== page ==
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What is the book of Galatians?



      

Galatians 1:1

ESV - 1 Paul, an apostle - not from men nor through man, but through Jesus Christ and God the Father, who raised him from the dead -

Clarify Share Report Asked November 15 2013 Mini Anonymous (via GotQuestions)

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Shea S. Michael Houdmann Supporter Got Questions Ministries
Author: Galatians 1:1 clearly identifies the Apostle Paul as the writer of the Epistle to the Galatians.Date of Writing: Depending on where exactly the Book of Galatians was sent and during which m...

November 15 2013 1 response Vote Up Share Report


7
Eced7a1f c81d 42f4 95ea 9d5719dce241 Singapore Moses Supporter Messenger of God, CEO in IT industry, Astronaut, Scientist
SUMMARY OF GALATIANS 

► Author: Apostle Paul (Gal. 1:1) wrote 14 epistles from Roman to Hebrews which includes Galatians.

► Date and place: Written from Rome about 68 A.D., along with Hebrews.

► Galatians is summarized into 2 points as follows: 

1. To correct the fickle Galatians from further backsliding and following the legalizing, Judaizing teachers from Judea

2. To set them straight regarding the relation of Christians of the new covenant with the Jews of the old covenant. 

► Statistics: 48th book of the Bible; 6 chapters; 149 verses; 144 verses of history; 3,098 words; 4 unfulfilled and 1 fulfilled prophecy; 19 questions.

► About Galatia:
The epistle Galatians was addressed to all the churches of Galatia, a province of Asia Minor. There was no city by this name. How many churches were in Galatia at this time is not known. 

Galatia is a province in Asia Minor west of Cappadocia and south of the Black Sea (Acts 2:9). Asia Minor is located in the western coast of modern Turkey

October 20 2015 1 response Vote Up Share Report


3
Ari Ariel HaNaviy Messianic Jew and Torah Teacher with Messianic Congregation 'The Harvest'
In my historical research into this book by Paul, I have discovered that much of the social fabric of the 1st Century Judaisms that we read about suffered from a sickness I like to call Ethnocentric Jewish Exclusivism. I have written about this concept in another paper that dealt with studies on group prejudice. I believe the paper nicely summarizes our study on Galatians and helps to form the necessary social background required to properly understand the book in its original historical and religious context, and therefore have decided to include a quote from that work here: 

The New Testament writer Paul of Tarsus had much to say about the Judaisms of his day and the ethnocentric cultural requirements they were imposing on the non-Jews. A proper understanding of 2nd Temple Judaism will uncover many of the true motives driving the ethnic competition between Jews and non-Jews. 

Group-level stereotyping of Gentiles by Jews as pejorative pagans, with no viable and positive contribution possible for the Jewish community, can clearly be seen in this research. Negative attitudes by the Jewish community turned into prejudice against non-Jews, which lead to discrimination against non-Jews as an ethnicity, and eventually provided the Jewish leaders with a mechanism for installing anti-Gentile group policies that were racially driven. Indeed, the power to enforce group prejudice and discrimination is what gives racism its social advantage over subjugated minorities.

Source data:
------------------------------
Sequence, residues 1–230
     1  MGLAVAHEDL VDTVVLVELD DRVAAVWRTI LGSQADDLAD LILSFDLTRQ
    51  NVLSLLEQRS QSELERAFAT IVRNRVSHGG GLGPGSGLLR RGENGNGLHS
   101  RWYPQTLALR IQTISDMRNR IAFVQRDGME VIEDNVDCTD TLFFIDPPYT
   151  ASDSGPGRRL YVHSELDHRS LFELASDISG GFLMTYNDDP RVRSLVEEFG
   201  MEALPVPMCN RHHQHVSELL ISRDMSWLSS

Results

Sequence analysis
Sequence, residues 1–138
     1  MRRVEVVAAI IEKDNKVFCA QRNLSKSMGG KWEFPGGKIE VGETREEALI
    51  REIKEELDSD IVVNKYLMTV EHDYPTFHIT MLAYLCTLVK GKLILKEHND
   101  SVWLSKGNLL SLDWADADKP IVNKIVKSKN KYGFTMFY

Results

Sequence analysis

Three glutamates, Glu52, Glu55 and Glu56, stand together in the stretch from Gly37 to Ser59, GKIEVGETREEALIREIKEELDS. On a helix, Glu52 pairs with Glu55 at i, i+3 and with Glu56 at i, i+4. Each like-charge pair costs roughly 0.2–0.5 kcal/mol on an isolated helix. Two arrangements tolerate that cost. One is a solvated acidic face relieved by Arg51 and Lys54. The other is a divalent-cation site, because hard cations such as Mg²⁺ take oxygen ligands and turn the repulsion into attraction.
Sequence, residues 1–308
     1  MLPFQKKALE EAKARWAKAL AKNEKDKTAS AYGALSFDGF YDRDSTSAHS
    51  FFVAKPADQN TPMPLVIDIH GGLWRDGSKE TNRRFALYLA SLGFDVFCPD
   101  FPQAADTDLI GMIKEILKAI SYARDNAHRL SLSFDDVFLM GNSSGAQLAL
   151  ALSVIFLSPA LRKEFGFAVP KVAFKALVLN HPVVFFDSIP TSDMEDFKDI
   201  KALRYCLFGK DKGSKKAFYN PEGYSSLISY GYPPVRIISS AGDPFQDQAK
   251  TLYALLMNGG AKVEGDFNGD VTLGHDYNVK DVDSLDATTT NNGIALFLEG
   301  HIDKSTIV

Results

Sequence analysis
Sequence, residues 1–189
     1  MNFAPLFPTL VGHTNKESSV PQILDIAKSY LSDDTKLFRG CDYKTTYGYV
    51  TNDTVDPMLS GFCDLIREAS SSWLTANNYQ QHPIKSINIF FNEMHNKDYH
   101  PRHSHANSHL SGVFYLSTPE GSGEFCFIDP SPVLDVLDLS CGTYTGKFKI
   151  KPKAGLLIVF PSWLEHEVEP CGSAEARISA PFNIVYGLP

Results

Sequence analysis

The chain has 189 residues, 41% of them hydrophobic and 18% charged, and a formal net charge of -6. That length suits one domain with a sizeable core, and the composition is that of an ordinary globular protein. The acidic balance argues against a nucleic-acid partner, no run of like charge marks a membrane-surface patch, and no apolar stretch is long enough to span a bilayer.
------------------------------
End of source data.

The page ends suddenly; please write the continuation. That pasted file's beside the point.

The book of Galatians obviously includes an ongoing drama involving two social groups (Jews and Gentiles) not so much over the identity of Jesus, but perhaps more over who has the right to join Isra'el (who is a Jew?) and subsequently follow after the Torah of Moshe (Law of Moses). Recall that the Torah was historically given to Isra'el nearly 3500 years ago, but realize that Isra'el’s post- Egypt beginnings included both native-born sons of Jacob, as well as those mixed racial multitudes that God delivered out of Egypt at Passover. These two groups came to Mount Sinai, received the Words of God, and were collectively called “Isra'el” by the text (read the Exodus 19 carefully again). 

Paul later reveals that the “mystery of the Gospel” is that according to Rom. 11 and Eph. 2, 3 and specifically Eph. 6:19, Gentiles are “grafted into the commonwealth of Isra'el via Messiah, and become fellow heirs sharing in the richness of the root of the Olive Tree and inheriting the blessings spelled out in the Torah for all of obedient Isra'el.” Therefore, since Isra'el is actually a multi-ethnic entity, Torah actually applies to all who name the name of the LORD as their one and Only God. This naturally includes Gentile believers in Yeshua. 

So, those of us who claim membership in an existing Torah community confidently affirm and teach obligation to Torah commands for both Jews and Gentiles in Messiah. And yet Paul says in Rom 6:14 that we are not under Law but under grace. The difficulty is in understanding that his uses of the word Law in many of his letters applies the definition from the context, which means the root Greek word used (nomos=law) can apply to a variety of definitions. Paul’s “not under Law” phrase is preceded by “For sin shall not have dominion over you...” In this verse, Law does not mean we are not under obligation to Torah commands. Rather, it most naturally functions in this verse as shorthand for “not under the bondage of sin and therefore under the condemnation of the Law,” a just condemnation reserved for unrepentant sinners. The reason we are not under [the] condemnation [of the Law] is because we are not under bondage, and the reason we are not under bondage is because we have been set free and are under [the] grace [of Yeshua’s blood].

September 03 2015 0 responses Vote Up Share Report


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